Second, to our knowledge, we have offered the first quantitative estimate of the global distribution of MMTs. MFT is easy to calculate, and we might, therefore, estimate the MMT in any geographical location and in any period. Based on the current association between MMT and MFT, in order to validate whether the association is still reliable in the future, we have searched all available studies which provided the values of MMTs at different times in the same location. We found there were six papers which provided the MMT values of 62 locations from eight counties (USA31, UK31, Finland31, France9, Spain32, Netherlands33, Japan34, and South Korean35) in different years. We calculated the MFTs of these locations during the same period. We found that: (1) In most locations, the temporal trends of MMT and MFT are consistent9,31,32,33,34,35; (2) The MMT and MFT have increased in most locations of the studied countries9,31,32,33,34,35; (3) Although in some locations MMT did not change or reduced, MFT had the similar trend in most of these locations32,35. For example, Donaldson found that from 1972 to 1997, MMTs rose 3.6 °C in North Carolina, 2.7 °C in Southeast England and 1.3 °C in South Finland30, and the MFTs in these three locations during the same period have increased 3 °C, 2 °C, and 1 °C, respectively (Supplementary Fig. 3). Similar results have also been reported in other countries such as Japan34 and Spain32. Chung found that from 1972 to 2012, MMT rose about 4.8 °C in Japan, and the MFT in the same period has increased 5 °C. Achebak found that from 1980 to 2016, MMT rose from 19.5 °C to 20.3 °C in Japan, and the MFT in the same period rose from 19.5 °C to 20.5 °C. Based on this finding, we estimate the global distribution of MMTs in the future (Fig. 5).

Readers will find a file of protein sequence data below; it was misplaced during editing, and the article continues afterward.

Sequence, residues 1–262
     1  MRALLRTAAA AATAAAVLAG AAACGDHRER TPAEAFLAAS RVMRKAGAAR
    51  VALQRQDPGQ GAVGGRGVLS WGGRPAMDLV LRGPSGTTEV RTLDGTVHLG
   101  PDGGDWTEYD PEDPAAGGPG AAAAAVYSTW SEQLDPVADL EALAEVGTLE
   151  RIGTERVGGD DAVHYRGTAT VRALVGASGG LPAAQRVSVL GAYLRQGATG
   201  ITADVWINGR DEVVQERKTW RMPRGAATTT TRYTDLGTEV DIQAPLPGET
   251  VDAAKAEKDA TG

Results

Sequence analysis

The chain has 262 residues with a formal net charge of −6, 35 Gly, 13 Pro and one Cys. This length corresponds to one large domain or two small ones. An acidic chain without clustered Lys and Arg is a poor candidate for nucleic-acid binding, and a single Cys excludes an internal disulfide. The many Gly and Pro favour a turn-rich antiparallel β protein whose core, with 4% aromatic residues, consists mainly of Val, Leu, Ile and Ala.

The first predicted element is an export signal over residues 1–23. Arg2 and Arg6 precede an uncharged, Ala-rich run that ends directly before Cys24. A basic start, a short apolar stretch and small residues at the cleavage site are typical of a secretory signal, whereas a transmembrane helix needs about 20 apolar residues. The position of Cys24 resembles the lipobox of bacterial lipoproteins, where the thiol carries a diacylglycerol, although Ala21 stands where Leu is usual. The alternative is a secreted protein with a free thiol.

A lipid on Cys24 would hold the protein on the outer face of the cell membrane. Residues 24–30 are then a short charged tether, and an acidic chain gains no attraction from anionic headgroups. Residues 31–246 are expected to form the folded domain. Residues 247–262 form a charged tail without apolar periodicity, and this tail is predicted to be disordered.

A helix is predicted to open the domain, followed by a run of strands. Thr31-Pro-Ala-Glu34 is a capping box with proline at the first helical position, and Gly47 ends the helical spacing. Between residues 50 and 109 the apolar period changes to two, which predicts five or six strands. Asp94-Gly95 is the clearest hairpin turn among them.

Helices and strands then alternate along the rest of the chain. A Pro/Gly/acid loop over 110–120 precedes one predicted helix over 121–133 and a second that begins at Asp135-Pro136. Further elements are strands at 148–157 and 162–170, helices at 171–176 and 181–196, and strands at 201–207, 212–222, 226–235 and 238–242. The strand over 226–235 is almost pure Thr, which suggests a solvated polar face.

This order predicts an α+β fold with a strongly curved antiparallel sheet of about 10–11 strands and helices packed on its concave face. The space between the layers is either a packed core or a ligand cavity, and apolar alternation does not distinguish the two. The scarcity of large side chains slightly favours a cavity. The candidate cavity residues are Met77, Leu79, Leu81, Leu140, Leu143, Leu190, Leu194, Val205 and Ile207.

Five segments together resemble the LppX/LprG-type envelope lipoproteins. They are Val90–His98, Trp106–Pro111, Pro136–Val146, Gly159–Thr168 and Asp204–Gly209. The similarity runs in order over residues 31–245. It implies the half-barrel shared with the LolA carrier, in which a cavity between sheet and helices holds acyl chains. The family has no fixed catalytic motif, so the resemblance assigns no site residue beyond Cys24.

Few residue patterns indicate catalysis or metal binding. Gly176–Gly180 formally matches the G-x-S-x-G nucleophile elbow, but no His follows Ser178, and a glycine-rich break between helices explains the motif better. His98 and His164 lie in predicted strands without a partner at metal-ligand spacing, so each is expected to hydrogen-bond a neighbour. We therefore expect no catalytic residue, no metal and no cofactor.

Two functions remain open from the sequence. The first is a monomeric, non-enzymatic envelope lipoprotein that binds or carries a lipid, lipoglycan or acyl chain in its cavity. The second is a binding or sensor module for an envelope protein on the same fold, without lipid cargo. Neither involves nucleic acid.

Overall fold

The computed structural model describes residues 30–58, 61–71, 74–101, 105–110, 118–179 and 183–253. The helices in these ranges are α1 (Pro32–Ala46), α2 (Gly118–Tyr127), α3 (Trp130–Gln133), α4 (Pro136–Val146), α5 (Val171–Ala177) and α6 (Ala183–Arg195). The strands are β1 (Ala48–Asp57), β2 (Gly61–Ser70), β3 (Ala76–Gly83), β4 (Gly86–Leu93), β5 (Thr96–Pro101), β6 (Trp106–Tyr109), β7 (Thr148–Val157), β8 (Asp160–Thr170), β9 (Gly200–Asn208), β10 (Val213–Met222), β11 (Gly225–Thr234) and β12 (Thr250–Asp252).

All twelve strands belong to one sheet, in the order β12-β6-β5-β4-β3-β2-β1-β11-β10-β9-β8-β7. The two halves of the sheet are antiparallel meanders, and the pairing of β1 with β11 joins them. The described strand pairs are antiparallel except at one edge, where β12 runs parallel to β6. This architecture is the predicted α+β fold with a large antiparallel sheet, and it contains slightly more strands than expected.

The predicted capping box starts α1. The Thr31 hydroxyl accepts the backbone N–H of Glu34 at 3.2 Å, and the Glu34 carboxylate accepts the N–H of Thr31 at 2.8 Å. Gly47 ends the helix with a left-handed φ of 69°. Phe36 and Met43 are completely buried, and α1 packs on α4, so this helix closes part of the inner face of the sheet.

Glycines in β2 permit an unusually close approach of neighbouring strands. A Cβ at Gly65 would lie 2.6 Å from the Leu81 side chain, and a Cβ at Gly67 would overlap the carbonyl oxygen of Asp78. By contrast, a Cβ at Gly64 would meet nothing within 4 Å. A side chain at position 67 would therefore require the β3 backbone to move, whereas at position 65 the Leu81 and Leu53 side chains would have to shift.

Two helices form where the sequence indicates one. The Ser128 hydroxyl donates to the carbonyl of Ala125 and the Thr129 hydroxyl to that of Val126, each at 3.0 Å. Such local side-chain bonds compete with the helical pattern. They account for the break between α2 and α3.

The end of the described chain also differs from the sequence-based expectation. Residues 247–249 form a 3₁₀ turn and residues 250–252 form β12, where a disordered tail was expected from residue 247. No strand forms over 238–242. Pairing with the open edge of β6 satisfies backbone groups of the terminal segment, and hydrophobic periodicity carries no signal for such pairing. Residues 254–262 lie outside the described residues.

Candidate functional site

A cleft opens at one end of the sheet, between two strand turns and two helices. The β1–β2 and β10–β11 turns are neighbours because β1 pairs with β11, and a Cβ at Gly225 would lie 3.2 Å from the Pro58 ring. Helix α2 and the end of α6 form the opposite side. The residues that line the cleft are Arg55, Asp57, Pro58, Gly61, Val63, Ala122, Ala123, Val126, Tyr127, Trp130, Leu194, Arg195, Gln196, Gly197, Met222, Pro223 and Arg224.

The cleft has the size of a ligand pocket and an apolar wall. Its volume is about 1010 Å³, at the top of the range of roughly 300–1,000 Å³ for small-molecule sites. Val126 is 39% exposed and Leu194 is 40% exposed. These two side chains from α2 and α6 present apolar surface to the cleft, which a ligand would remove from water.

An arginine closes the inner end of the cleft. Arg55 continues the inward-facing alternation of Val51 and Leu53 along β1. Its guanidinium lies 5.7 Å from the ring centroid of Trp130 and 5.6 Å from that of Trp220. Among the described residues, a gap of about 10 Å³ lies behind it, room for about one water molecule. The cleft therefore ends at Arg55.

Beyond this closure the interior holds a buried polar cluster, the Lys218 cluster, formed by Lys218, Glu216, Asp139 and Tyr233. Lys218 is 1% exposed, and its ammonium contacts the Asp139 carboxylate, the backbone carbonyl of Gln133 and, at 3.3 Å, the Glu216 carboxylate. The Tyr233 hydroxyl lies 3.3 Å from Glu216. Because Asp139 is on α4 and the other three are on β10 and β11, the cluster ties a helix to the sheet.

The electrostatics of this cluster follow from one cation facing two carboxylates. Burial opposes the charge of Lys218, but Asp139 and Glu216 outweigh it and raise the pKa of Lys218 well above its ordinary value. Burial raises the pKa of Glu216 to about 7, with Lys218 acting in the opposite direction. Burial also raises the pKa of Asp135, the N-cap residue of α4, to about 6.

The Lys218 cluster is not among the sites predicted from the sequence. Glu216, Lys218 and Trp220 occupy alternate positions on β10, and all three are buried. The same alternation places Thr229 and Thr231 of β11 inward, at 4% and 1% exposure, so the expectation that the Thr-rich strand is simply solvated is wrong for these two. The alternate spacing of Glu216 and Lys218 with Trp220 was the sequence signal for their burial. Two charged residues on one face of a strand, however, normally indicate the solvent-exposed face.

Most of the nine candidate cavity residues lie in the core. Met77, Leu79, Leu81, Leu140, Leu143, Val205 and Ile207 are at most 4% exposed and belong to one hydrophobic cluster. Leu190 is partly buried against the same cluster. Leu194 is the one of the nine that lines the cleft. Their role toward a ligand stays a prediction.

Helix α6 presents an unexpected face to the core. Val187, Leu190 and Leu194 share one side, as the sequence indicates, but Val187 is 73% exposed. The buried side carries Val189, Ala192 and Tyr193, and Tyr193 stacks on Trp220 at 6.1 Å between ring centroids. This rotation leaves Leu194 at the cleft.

Third, in the context of global warming, MMT may increase in the future9,30,31,32,33,34 (Fig. 5). The existing prediction that global warming will lead to an increase in heat-related mortality and a decrease in cold-related mortality is based on unchanged MMT or MMP, may be questionable36,37,38. Instead of using unchanging MMT, future MMT predicted by future MFT might provide more precise predictions on the mortality risks/burden due to ambient temperatures.